The administration will approve the project, but at a later date
"I'm betting January.”
“They will find a way to extend the decision deadline beyond the election. This will satisfy no one.”
“Politically challenging decisions almost never get done on time in Washington.”
“Do you really think the White House would kill this in an election year during which the prime issue is jobs? I don't. It will be sold as 'environmentally sensitive' construction.”
“With less than 90 days in CY 2011, there isn't enough time for the process to wrap in 2011.”
If approved, will the Keystone XL pipeline project help or hurt President Obama’s re-election efforts?
- Help 47%
- Hurt 47%
- Neither 6%
“Having an answer for high oil prices will be much more important in 2012 than it is today and the President already has an answer for environmental protection.”
“Really have no effect on the reelect. If they fail to approve it, it would be catastrophic for the reelection.”
“Approving the project would help to blunt criticism that he is only supportive of green energy.”
“Environmentalists will not be happy, but they have nowhere else to go, since they scorn Republicans. The strategic error of becoming part of the Democratic Party means their support is taken for granted, like labor.”
“Energy independence trumps GHG concerns. The environmental community will scream. Will Jackson resign over this one? In some places, that might help Obama's reelection efforts.”
“I don't think it will make a big difference one way or the other, but it will help at the margin—like his decision to delay any new ozone standard--by showing that he is willing to stand up to environmental activists when jobs are at stake.”
“The people who will be upset about this decision won't have a better alternative in 2012.”
“He will receive few benefits from voters almost a year after the decision while deeply disappointing many of his supporters.”
“It will further rub his environmental base the wrong way, and despite its benefits to the oil and gas industry, they will do everything in their power to defeat him—with even more vigor. It's the new normal.”
“It will hurt him with environmentalists (whose votes he could and should earn) and won't help him with the 'drill baby, drill' advocates (whose votes he will never earn). Oil exploration is among the most polarizing energy issues and the notion of tar sands development in Canada, a pipeline through U.S. property and protected habitats and water tables, to reach refineries in Texas in order to be processed and shipped overseas sets environmentalists' hair on fire. Hard pressed to see how environmentalists could vote for many in current Republican line-up but they could stay home and keep their checkbooks closed.”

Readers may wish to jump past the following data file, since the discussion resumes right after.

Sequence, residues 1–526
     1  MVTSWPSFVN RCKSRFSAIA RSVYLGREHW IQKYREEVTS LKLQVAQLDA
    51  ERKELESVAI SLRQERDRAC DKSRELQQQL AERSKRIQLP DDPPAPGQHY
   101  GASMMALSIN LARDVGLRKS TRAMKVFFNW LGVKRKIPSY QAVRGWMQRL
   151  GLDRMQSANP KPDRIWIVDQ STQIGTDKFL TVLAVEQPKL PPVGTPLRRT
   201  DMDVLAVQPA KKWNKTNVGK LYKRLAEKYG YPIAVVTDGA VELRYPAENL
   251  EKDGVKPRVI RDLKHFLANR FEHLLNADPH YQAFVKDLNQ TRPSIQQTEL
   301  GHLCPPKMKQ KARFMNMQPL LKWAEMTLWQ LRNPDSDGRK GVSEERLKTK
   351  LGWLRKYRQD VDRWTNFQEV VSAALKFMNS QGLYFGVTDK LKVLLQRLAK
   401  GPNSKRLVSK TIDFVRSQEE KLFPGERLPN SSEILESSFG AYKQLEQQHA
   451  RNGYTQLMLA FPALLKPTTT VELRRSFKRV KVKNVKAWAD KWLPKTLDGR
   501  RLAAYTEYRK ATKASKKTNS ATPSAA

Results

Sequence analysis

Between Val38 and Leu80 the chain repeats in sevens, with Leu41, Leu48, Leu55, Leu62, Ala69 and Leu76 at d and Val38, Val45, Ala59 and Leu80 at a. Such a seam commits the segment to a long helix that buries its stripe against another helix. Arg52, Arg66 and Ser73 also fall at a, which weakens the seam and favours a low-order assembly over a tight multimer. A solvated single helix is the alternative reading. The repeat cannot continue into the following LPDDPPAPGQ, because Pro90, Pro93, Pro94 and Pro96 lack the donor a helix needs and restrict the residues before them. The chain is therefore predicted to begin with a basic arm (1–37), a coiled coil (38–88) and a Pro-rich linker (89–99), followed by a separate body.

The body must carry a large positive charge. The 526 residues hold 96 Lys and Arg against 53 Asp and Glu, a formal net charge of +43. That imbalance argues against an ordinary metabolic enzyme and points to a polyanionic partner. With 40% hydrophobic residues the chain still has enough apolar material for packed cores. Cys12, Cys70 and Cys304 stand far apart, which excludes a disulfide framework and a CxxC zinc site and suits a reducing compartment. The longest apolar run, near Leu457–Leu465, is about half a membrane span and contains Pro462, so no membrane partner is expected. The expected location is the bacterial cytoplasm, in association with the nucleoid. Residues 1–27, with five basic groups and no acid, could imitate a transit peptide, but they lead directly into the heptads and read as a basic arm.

“It will hurt only because it will really set the enviro Community off, while getting little or no credit from the business side.”
“The only constituency that this helps Obama with is Canadians and they don't vote in our elections. Coming on top of the Ozone regs delay, approving Keystone only further discourages the President's core voters.”
“I believe the Keystone pipeline project will neither help nor hurt the President's re-election efforts, although it will be another reason for the base to lose any enthusiasm they still have.”
National Journal’s Energy and Environment Insiders Poll is a periodic survey of energy policy experts. They include:
Jeff Anderson, Paul Bailey, Kenneth Berlin, Denise Bode, Kevin Book, David Brown, Neil Brown, Stephen Brown, Kateri Callahan, McKie Campbell, Guy Caruso, Paul Cicio, Douglas Clapp, Eileen Claussen, Steve Cochran, Phyllis Cuttino, Kyle Danish, Lee Dehihns, Robbie Diamond, Bob Dinneen, Sean Donahue, Jeff Duncan, John Felmy, Mike Ference, David Foster, Josh Freed, Don Furman, Paul Gilman, Richard Glick, Kate Gordon, Chuck Gray, Jason Grumet, Christopher Guith, Lewis Hay, Jeff Holmstead, David Holt, Skip Horvath, Bob Irvin, Bill Johnson, Gene Karpinski, Joseph T. Kelliher, Brian Kennedy, Kevin Knobloch, David Kreutzer, Fred Krupp, Tom Kuhn, Con Lass, Mindy Lubber, Frank Maisano, Drew Maloney, Roger Martella, John McArther, Mike McKenna, Bill McKibben, David Miller, Kristina Moore, Richard Myers, Aric Newhouse, Frank O'Donnell, Mike Olson, T. Boone Pickens, Thomas Pyle, Hal Quinn, Rhone Resch, Barry Russell, Joseph Schultz, Bob Simon, Scott Sklar, Bill Snape, Jeff Sterba, Christine Tezak, Susan Tierney, Andrew Wheeler, Brian Wolff, Franz Wuerfmannsdobler, and Todd Young.
This article appears in the October 12, 2011, edition of NJ Daily.